This episode is dedicated to conservation efforts to save the black rhino, which is unfortunately critically endangered due mostly to international trade in rhino horn. Hosts Ebone and Rick address this problem, as well as how the size and strength of rhinos affects the way specialists at the San Diego Zoo and Safari Park care for them. San Diego Zoo Wildlife Alliance President and CEO Paul Baribault is back to discuss working with the organization’s partners to help protect native populations of black rhinos and achieve population sustainability.
Episode 13 - Currently Live
Black-footed Ferrets: Road to Recovery
Once thought to be extinct, black-footed ferrets have another chance at survival! Hosts Rick and Ebone explore the reasons that the species is at risk, and the animal’s interesting journey on a road to recovery. Pete Gober from the U.S. Fish and Wildlife Service gives us an inside look at the innovative science and technology responsible for these mammals making a comeback. And Dr. Oliver Ryder, director of conservation genetics at San Diego Zoo Wildlife Alliance, tells the story of Elizabeth Ann, the first cloned black-footed ferret, who recently celebrated her first birthday!
Episode 14 - Currently Live
Thick-billed Parrots: A Colorful Conservation Saga
We’re traveling to Mexico to explore the mystery of the thick-billed parrot! Hosts Rick and Ebone explain how this red and green bird, once found in several areas of the Southwest, is now reduced to an endangered population in the mountain forests of northwest Mexico. Later, Amazing Wildlife is joined by Dr. Nadine Lamberski, chief conservation and wildlife health officer at San Diego Zoo Wildlife Alliance, who describes the current conservation plan—using information about the thick-billed parrots’ migratory patterns to help improve their chances for survival in native habitats.
Episode 15 - Currently Live
Naked Mole-rats: Think Pink
This episode is dedicated to an animal who doesn’t need a fur coat, since it spends most of its life underground. Naked mole-rats are found in East Africa’s deserts—and while these special “beauties” might not win any pageants, they are fascinating! In this episode, hosts Rick and Ebone explore the naked mole-rat’s status in nature, unique behaviors, and social structure. We’ll also hear from a young listener who will help us dig up the most interesting facts about these pink, wrinkly rodents.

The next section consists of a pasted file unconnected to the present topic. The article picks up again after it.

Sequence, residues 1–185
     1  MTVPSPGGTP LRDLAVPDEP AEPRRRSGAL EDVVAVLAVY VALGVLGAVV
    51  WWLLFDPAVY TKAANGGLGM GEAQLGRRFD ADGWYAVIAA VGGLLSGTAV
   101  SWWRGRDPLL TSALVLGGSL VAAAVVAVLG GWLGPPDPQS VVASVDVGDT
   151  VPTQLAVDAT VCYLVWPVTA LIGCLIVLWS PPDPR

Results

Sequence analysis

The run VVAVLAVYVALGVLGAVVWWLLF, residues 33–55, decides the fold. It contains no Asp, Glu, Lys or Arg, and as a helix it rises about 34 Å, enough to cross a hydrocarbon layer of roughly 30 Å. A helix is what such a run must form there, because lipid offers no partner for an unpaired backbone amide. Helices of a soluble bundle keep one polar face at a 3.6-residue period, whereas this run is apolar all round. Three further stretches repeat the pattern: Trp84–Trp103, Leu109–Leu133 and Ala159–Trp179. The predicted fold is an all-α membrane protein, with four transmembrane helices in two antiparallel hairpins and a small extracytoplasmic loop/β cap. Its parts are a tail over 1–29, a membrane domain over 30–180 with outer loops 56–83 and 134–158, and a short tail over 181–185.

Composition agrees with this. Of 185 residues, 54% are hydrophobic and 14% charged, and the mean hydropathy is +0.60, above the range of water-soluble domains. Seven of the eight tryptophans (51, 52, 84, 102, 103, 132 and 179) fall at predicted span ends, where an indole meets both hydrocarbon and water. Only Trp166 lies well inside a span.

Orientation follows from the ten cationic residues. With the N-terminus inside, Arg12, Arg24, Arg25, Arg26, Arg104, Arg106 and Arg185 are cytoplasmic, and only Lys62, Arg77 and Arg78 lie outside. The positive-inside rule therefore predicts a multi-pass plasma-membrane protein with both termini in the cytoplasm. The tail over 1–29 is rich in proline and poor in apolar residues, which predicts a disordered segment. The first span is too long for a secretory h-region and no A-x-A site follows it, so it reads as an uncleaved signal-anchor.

Episode 16 - Currently Live
Bees: Busy Pollinators
The more you know about bees, the more you can appreciate these unique insects, and how they provide us with much more than just honey! Hosts Rick and Ebone explore the many contributions of bees, and share some cool facts. These specialized insects are called pollinators—they gather nectar and pollen from flowers, and they play a very important role in ecosystems worldwide.
Episode 17 - Currently Live
Burrowing Owls: Small Wonders
When you think of owls, you may think of big birds that come out at night, often seen in trees. But in this episode, Amazing Wildlife looks at the tiny burrowing owl, which is active in the daytime and found on—or under—the ground. Hosts Rick and Ebone explore what makes these birds so unique, what’s behind their declining numbers, and their connection to prairie dogs and ground squirrels. Later, San Diego Zoo Wildlife Alliance’s Colleen Wisinski shares how her team uses technology—such as trail cameras and GPS transmitters—in conservation of burrowing owls in Southern California.
Episode 18 - Currently Live
Butterflies: Nature's Transformers
Join hosts Rick and Ebone as Amazing Wildlife explores the colorful world of butterflies! Symbolic for transformation, their metamorphosis from egg to caterpillar to adult butterfly has fascinated people for centuries. In this episode, we’ll discover how butterflies help scientists measure the health of the planet. And Paige Howorth, the San Diego Zoo's director of invertebrate care and conservation, will explain why the Quino checkerspot butterfly, native to Southern California and Baja California, Mexico, might be hard to spot.